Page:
I don't want to paint a rainbow



I don't want to paint a rainbow with my cartoon pot of instant paint, or pretend I skip when I trip. I don't want to be the one who, halfway through the door, falls back out. I don't want to check where I park my car three times because of the once I forgot

or check, check, check each time I visit because your house looks so much like the others

or feel my way along the fence outside because the one thing I do remember is how the metal pops out into a bobble shape where your gate begins.

I don't want to dance my way through the supermarket and smile happy faces at everyone as if it doesn't matter how my day is going. I don't want to make faces (but I do anyway).

I especially don't want to get the looks that tell me I'm talking with my hands without saying the words out loud.

I don't want the sympathy, the special look, the little smile that says I am being myself and you find it quaint. I might be quaint, I can't help that, but is it so strange?

I don't want to have to explain why my shoulders are not there for your arm.

I don't want comments instead of conversation or criticism playing at being help.

I don't mind if you help me up when I fall over or pick up the things I dropped as I went down. It's fine to laugh with me - I love laughing! It's fine to have a chuckle at my 'little ways' so long as you don't mind me returning the compliment - and telling you what your little ways are.

I do like rainbows, I do like painting, I just get the paint all over myself and then spend days picking it out of my hair. But those rainbows sometimes have to just paint themselves, or be painted by people with smiles for every day.

I don't mind if you cry when you tell me things, so long as I can cry too. I don't mind you asking me why I am crying if I start for no reason. I don't mind cups of tea and a face full of patience. I love it if I don't have to break the silence, but I will anyway.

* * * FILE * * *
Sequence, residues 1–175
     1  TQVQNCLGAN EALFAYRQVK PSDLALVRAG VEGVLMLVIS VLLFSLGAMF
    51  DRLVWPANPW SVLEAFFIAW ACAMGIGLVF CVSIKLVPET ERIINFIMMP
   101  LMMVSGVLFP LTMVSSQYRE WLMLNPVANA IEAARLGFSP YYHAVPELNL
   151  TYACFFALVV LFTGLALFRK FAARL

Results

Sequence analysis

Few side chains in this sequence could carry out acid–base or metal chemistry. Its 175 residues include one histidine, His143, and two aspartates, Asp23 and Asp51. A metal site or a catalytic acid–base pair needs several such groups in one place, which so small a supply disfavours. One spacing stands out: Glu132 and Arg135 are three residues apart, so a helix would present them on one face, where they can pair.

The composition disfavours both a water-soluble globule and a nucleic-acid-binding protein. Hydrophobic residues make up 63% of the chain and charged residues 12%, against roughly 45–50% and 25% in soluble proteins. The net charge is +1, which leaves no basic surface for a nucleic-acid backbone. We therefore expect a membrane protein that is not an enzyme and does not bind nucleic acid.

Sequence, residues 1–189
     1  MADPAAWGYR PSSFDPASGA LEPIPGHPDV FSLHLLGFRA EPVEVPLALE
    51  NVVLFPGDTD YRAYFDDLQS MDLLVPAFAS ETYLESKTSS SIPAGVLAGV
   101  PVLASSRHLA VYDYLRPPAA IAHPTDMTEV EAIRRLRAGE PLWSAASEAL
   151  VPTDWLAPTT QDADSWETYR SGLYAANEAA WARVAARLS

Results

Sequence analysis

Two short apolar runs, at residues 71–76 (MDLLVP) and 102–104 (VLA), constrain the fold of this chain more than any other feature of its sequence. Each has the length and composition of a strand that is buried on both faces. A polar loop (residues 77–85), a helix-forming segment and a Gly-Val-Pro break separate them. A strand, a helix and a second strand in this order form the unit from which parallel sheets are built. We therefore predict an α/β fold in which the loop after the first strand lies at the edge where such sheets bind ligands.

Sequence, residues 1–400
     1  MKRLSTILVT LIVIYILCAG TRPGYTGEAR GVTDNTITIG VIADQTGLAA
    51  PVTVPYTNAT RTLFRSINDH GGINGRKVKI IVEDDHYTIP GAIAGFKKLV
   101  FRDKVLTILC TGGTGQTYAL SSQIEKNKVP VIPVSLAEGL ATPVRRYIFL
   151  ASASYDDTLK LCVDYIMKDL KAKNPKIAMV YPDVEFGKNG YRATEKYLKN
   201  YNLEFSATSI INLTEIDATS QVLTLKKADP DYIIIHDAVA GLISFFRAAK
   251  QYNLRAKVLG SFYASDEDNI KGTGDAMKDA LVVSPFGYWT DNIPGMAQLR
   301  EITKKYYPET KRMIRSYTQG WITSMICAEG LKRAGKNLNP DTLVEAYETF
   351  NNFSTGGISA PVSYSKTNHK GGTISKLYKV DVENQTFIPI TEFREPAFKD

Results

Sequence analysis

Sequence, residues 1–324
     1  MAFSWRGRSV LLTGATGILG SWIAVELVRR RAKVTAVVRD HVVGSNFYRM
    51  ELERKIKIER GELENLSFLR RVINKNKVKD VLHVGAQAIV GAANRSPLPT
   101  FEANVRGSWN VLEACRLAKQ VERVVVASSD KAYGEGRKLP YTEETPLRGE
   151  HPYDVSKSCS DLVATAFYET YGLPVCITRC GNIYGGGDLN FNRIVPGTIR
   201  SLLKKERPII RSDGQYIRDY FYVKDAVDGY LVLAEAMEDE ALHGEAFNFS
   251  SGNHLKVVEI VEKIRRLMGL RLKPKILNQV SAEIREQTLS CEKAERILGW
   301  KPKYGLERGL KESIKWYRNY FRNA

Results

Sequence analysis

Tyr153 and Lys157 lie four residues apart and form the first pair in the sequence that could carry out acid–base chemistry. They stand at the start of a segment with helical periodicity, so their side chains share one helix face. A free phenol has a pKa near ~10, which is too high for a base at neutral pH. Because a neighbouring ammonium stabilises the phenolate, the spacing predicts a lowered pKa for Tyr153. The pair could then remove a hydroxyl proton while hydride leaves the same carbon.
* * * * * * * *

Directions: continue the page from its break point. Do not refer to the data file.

I don't yearn for perfection or normality. There may be rainbows, or paint, or smiles, tears, spills, falls, laughter and dancing in odd places. And some of it may come from you instead of me.

I yearn for you to be you and me to be me without either of us expecting everyone to be the same.

And in the end I am me, and you are you. And we don't have to paint the rainbow to meet in the middle.

Amanda



 A Guide to Your Aspie

 How to talk to your Aspie



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Being Myself



I'm done. I'm not going to try to cover anymore, I'm tired of putting on my Normal Boots and walking out the door with a limp. I'm sick of not being myself for the whole of every day. That's it.

The way I act is the way I am and there's no more Little Miss Whatchulike. I won't go out of my way to be what I think people expect. Why should I?

I used to think I had to behave like a real live grown-up to keep the money coming in. Would people want the full me tutoring their children? Do I not have to keep up appearances talking to parents? Can I really leave the aspie door all the way open?

The answer is a simple one: there is no door. The aspieness is there all the time, sometimes hidden, sometimes parading in full view. I can see it clearly in others so why not let everyone see it in me?

I have seen some surprised faces lately. You see, I hadn't realised that my decision to be fully myself had already happened. I think it was sometime last week when I stopped trying to be as expected. There has been so much to do lately, so much to cope with, both physically and emotionally, that at a point in the middle of last week my brain must have thrown up its metaphorical hands and let loose the balloons.

I remember thinking Susie's parents looked a bit confused while I was talking and then later, when I was explaining something to Janine's dad, his face twitched as he processed it and then he grinned. Hugely.

The next day I was hugging. Good grief, I was hugging! Freaking hugging! It was a necessary hug, love was needed and I did it! It was only later I realised it hadn't hurt and I was still all in one piece.